The situation for the Mono Park 2 is critical. On February 1, there will be a hearing at which a judge will decide whether the defense will be permitted to advance the legal argument of medical necessity. Before the November 9 hearing, they had not expected charges to be dropped. However, Tribuzio says they had thought there might be “some sort of reasonable alternative, such as an infraction with a fine.” Yet, the deal on the table from DA Birgit Fladager was harsh. Tribuzio notes that it included “a stay away order from an area in which 65+ needles had recently (November 8) been cleaned up in just a two-block radius.”
On November 9, the DA rejected any compromise and offered Robinson as the organizer of the activity a jail term of 30 days and Tribuzio probation for three years. If they contest the case, both could receive up to one year in jail on paraphernalia charges.
A Rollback Pattern Emerging?
The events in Modesto might be mistaken for provincialism and mediocrity. However, there are indications that this arrest is part of a wider rollback attempt.
An article, “Panic in Needle Park: Return of the Fearmongers,” in the January 6 Counterpunch (www.counterpunch.org/papa01062010.html) suggests that there is an ongoing attempt to turn this issue into a political football rather than a health issue. Anthony Papa’s article describes how three significant figures — John Gilbride (DEA), Bridget Brennan (special narcotics prosecutor of New York City) and Peter Vallone, Jr. (D-Queens, NYC City Council) — attacked a two-year-old pamphlet by the N.Y. Department of Health that explained New York’s harm reduction policies. Unusual for the GOP, Mayor Michael Bloomberg defended the pamphlet.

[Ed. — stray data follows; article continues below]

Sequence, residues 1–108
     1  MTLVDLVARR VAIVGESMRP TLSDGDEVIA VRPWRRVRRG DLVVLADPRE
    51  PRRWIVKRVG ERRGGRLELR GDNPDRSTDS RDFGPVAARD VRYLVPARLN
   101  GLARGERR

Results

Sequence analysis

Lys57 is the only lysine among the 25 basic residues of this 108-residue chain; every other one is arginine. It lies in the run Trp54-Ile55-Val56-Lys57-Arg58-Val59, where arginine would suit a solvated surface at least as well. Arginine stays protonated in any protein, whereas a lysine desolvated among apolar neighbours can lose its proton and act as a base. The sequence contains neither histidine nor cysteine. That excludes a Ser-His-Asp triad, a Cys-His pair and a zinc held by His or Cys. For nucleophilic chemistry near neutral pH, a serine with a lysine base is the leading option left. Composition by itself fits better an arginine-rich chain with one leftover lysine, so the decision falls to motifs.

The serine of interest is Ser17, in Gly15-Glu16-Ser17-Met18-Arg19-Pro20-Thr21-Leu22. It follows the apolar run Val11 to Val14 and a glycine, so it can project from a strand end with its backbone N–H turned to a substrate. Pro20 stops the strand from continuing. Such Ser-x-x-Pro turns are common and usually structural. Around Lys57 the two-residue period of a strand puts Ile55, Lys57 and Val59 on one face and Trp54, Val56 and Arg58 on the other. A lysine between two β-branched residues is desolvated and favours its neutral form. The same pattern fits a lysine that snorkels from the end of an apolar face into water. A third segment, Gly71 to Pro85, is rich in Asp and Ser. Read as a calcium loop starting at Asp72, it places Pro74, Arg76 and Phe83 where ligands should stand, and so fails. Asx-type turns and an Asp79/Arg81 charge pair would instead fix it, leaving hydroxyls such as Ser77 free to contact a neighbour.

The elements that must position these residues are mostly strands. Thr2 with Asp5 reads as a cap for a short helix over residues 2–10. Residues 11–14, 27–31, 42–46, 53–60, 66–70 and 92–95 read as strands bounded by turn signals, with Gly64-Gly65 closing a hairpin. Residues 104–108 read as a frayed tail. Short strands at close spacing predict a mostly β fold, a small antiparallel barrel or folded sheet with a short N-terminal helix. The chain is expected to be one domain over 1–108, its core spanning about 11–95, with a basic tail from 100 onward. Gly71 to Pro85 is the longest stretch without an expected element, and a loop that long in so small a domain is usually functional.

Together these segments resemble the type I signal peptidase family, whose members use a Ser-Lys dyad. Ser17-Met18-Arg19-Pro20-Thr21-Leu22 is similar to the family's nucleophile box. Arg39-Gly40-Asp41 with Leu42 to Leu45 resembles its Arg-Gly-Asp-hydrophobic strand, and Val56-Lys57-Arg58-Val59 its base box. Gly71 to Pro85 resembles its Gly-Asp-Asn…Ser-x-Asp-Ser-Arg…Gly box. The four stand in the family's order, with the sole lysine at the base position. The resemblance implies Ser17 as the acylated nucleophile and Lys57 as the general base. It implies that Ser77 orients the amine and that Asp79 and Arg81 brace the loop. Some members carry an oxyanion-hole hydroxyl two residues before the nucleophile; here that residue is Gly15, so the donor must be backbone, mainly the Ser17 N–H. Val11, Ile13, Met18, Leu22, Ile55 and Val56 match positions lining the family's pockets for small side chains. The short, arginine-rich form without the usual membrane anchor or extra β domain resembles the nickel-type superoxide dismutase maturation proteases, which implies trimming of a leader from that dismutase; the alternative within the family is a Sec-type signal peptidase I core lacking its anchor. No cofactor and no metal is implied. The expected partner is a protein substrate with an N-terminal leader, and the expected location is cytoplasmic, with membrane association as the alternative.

Other SEPs in rural areas of California have already been closed. The combination of California’s insolvency and provincial prejudice may prove lethal. One possible danger if the Modesto rollback succeeds is that it will make supervisory boards even more reluctant to back SEPs.
Tribuzio sees part of the problem in the power given to counties to make decisions for which they are ill-equipped: “I think that one of the biggest problems is that California law is inconsistent. It forces very important public health decisions to be left up to the politics and law enforcement influence of individual communities that are not equipped with the resources and education to be able to make the necessary decisions.”
Health issues getting turned into political footballs is a backward trend to note. And all this is taking place with the AIDS movement in a state of structural weakness. On the other hand, the federal government announced in November of last year that its longstanding ban (since 1999) on SEPs would be lifted. Let us hope that science holds sway here rather than the dogma and stereotypes backed by political calculation.
Details on the Mono Park 2 (through October 2009):
Brian Robinson’s blog: http://offthestreetsproject.blogspot.com/
Needle exchange programs: http://en.wikipedia.org/wiki/Needle_exchange